Dishika, 24, Delhi, India

‘Someone asked me a few days back, “What’s your story?” and I went blank for one whole minute. I had no idea what to say. I didn’t have anything pleasant in particular to tell to that person.

All I could think of was the fact that I suffered from depression for about three years which apparently seemed my whole life. But is it something you can tell a person easily? It takes a hell lot of courage, fighting with yourself, hours of overthinking and thinking of all the possible outcomes of what could happen before you tell a person that.

My life had never been easy, from childhood till now. I was diagnosed with clinical depression and anxiety when I was 21 and it went on till, I turned 24. Three long years of multiple series of depressive episodes and anxiety attacks. Initially I thought it was a phase and I will be okay and so I was many times. However, it kept coming back. It kept clinging on to me. I hardly opened up about it or shared my feelings with friends or family and kept most of it inside of me, not because I was scared or ashamed but I always had a feeling not everyone around me had the capability to understand me or my emotions. Also, it was not very easy to put something like this in words. Not everyone understands what mental health illnesses do to your mind and body. Yes, body too.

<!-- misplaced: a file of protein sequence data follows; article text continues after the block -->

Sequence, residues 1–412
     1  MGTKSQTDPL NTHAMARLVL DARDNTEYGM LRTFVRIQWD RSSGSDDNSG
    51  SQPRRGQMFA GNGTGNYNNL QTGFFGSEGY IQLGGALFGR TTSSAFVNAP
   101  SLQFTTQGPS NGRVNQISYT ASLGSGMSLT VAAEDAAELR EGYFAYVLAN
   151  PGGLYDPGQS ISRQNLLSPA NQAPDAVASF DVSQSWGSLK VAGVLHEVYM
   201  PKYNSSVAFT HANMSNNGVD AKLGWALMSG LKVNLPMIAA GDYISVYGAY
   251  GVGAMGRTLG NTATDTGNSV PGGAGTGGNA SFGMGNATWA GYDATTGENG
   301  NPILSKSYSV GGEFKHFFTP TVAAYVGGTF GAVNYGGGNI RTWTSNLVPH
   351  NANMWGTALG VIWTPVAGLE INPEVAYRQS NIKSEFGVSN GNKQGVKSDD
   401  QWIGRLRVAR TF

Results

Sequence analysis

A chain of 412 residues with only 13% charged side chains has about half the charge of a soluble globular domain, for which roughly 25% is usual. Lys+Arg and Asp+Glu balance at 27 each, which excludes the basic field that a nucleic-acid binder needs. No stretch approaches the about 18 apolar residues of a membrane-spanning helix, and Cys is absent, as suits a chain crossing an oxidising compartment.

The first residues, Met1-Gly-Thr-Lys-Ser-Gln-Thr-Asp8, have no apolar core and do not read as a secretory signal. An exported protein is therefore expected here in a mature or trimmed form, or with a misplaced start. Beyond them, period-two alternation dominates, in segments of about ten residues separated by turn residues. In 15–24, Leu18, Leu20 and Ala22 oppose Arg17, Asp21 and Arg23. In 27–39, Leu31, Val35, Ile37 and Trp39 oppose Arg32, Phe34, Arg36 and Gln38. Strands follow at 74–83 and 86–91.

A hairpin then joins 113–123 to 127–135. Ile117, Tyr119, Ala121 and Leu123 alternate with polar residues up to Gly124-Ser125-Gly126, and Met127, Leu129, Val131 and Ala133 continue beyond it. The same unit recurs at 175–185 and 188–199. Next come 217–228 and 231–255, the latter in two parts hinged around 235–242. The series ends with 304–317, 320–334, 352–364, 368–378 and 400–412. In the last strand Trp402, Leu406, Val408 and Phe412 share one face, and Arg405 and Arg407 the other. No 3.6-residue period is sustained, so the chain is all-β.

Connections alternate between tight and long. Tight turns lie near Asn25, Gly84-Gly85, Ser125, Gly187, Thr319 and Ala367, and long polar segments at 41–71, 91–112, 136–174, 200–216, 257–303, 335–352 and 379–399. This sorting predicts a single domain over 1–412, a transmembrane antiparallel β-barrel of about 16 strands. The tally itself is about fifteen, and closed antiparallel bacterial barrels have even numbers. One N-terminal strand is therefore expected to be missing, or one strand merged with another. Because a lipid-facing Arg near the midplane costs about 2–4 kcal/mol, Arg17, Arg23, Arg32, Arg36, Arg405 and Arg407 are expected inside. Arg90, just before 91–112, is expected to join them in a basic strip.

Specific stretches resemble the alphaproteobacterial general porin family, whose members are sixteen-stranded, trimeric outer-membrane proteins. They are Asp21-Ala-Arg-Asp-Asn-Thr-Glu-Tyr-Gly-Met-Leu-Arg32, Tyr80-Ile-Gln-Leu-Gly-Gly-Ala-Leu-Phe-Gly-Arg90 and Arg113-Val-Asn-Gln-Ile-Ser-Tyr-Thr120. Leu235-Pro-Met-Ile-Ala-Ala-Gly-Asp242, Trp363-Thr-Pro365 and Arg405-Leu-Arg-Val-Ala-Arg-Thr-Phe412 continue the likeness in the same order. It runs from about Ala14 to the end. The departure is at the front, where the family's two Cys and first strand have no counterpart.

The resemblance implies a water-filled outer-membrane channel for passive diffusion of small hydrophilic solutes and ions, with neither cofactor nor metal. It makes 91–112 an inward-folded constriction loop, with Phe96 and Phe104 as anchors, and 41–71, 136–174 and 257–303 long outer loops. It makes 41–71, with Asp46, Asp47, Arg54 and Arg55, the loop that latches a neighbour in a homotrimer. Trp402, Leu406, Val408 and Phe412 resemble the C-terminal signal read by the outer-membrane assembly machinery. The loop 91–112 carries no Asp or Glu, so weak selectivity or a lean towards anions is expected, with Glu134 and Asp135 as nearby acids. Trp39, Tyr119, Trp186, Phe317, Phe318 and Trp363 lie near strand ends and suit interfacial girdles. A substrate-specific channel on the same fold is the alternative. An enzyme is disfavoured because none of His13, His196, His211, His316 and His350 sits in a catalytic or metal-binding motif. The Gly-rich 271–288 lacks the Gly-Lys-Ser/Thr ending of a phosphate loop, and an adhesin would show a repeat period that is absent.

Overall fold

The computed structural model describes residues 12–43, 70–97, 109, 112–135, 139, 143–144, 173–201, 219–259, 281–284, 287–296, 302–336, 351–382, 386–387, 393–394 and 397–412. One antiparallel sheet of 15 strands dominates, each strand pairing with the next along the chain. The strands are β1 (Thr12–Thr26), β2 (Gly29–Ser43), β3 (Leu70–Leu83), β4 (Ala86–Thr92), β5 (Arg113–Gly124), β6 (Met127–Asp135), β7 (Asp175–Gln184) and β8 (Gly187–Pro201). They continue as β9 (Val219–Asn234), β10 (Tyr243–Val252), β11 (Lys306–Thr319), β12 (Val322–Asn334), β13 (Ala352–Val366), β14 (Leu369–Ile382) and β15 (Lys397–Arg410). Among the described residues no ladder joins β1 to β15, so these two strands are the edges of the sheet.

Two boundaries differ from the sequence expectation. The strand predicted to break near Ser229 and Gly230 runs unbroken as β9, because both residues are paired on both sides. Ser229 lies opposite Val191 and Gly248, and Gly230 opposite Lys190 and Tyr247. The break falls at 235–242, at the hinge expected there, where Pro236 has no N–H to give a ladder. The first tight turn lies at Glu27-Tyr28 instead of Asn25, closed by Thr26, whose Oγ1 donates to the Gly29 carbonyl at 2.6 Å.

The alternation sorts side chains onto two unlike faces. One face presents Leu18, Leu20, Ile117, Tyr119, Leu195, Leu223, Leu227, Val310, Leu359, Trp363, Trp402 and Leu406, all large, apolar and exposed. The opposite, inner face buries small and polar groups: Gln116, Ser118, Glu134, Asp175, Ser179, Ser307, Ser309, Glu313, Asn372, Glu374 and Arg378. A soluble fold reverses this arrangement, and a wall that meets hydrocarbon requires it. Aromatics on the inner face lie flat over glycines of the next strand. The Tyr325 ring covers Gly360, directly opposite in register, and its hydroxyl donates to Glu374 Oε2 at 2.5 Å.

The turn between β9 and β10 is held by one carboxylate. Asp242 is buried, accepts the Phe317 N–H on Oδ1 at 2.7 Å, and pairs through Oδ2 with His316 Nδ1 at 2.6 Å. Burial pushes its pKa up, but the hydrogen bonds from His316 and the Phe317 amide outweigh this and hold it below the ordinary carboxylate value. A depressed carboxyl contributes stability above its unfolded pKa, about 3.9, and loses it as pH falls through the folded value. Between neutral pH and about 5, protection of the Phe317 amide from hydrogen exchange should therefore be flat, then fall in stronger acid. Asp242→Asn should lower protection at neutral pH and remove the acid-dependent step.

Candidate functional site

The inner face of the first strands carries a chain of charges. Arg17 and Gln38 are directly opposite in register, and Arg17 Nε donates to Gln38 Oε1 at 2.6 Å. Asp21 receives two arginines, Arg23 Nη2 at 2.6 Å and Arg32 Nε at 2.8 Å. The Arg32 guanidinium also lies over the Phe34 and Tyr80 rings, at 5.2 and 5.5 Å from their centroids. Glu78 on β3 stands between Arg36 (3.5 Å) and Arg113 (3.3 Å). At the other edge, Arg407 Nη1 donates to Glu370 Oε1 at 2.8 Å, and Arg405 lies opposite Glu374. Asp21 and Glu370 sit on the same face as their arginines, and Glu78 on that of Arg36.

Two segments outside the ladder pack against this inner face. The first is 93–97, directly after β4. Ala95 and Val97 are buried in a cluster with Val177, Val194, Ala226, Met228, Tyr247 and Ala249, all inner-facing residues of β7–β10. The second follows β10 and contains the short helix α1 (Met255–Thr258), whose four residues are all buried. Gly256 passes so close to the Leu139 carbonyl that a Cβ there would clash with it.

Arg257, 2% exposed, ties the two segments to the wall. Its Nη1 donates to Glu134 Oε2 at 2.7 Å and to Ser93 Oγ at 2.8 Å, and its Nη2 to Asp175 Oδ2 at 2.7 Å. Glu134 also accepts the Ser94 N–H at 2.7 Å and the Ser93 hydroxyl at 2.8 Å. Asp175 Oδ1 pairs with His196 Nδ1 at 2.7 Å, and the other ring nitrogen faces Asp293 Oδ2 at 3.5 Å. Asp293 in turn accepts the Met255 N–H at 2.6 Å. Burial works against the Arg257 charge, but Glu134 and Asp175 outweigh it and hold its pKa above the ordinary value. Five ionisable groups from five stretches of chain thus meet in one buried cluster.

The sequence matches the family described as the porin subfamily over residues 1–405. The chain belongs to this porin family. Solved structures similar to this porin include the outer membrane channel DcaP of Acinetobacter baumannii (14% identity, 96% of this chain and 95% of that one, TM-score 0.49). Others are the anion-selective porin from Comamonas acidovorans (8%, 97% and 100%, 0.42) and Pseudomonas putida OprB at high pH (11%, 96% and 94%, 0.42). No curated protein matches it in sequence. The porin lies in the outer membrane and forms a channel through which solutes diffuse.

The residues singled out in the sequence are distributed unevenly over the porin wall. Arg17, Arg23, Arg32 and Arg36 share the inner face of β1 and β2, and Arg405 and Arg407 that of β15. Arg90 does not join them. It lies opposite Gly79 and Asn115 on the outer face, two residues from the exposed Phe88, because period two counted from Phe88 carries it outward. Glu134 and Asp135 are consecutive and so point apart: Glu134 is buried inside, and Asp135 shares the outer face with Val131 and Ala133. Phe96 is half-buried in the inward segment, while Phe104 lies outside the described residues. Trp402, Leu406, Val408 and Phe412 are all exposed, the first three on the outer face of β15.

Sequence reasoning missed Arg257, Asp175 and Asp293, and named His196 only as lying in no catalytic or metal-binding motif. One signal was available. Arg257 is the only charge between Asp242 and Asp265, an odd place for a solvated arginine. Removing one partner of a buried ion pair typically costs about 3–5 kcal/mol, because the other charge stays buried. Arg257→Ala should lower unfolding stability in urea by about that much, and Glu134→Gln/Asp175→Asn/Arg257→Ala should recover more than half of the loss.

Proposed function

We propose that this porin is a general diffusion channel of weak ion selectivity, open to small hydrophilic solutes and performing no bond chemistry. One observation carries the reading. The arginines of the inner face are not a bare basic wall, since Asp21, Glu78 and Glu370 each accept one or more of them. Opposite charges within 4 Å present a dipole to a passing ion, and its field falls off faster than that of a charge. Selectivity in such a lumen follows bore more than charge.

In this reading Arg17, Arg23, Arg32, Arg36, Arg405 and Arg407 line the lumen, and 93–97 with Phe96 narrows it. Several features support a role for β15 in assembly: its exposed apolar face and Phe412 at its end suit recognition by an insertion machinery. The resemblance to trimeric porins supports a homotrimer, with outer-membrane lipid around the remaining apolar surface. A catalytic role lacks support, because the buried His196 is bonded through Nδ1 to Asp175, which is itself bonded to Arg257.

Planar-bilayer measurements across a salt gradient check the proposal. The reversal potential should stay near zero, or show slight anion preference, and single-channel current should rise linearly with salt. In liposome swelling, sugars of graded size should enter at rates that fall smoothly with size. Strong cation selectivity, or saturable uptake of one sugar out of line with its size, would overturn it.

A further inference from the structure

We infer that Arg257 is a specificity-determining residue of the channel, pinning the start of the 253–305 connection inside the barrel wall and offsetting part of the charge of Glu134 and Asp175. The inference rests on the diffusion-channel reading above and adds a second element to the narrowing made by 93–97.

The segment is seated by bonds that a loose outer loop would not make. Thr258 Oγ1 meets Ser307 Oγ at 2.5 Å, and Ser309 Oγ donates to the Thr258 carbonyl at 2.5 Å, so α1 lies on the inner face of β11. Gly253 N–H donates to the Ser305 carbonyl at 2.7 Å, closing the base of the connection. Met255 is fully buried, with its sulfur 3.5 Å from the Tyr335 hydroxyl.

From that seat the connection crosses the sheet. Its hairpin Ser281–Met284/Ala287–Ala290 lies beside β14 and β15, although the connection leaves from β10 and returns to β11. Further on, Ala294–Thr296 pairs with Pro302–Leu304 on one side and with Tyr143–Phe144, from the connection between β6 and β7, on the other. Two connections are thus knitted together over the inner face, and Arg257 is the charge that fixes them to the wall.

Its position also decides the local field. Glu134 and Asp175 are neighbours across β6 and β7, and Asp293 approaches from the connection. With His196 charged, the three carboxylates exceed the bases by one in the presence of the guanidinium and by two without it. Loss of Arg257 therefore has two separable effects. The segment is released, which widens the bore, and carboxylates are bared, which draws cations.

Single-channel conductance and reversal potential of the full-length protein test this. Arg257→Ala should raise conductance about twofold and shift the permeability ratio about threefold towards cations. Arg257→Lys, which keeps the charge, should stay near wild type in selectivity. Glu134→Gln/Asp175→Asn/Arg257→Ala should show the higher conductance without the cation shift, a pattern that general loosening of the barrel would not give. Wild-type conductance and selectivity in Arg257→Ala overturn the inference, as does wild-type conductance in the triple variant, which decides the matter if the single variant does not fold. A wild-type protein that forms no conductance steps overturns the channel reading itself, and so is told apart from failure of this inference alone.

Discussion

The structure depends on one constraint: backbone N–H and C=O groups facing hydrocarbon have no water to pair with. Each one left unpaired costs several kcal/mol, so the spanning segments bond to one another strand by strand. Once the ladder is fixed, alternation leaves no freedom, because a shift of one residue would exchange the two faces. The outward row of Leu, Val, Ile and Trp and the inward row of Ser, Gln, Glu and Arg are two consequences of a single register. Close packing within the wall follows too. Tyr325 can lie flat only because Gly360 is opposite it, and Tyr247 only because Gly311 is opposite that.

It creeps up on you, affects your thought process rather controls it. It’s like another person inside you. Not a person actually, it’s a monster inside of you. It has its own mind, its own needs and wants. To fight depression and to come out of a dark place is to push back that monster constantly everyday back to level zero. To shut it up. Try to make it stop. It’s a competition within yourselves every single moment. Can you let it win?

A few times I came across people who brushed it off saying it’s not real, just a mood. I was in a situation once when a person felt shameful and felt the need to hide they were with me. I have had people call it a weakness on my face. And once I felt discriminated in a workplace because of this.

I had realised by that time that going through depression and living with it is as difficult as the circumstances that first caused it. Maybe more?

I have a tattoo on my body which says ‘mukt’, a Hindi word which means ‘to be free’ because I considered myself independent and someone who has a free soul, it seemed right to make it permanent on my body. But I guess I wasn’t living up to my own truth properly yet. This piece of writing is to make sure I do.

This article is to share a life, a struggle, a story in the hope that it helps someone just a little bit to achieve hope just like writing it out is helping me just a little bit. Somehow this whole episode of my life has had a few positive outcomes as well. Hard to believe but yes it teaches you a lot and gives one perspective about various things and you end up learning a lot about yourself. This is just me trying to tell you that it’s okay to not be strong every time because an illness cannot be classified between strengths and weaknesses. It’s okay to feel the way you’re feeling because its natural. There is no hurry and you can take your own time to kill that monster inside of you without losing patience. The battle only ends when the answer to the following question is yes.

Are you giving your best?

So, when I finally replied to that person I said, “it’s mad, you might actually love it!”’

You can follow Dishika on her Instagram.


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1 Comment

  1. Ridhima Gupta

    Great.. one.

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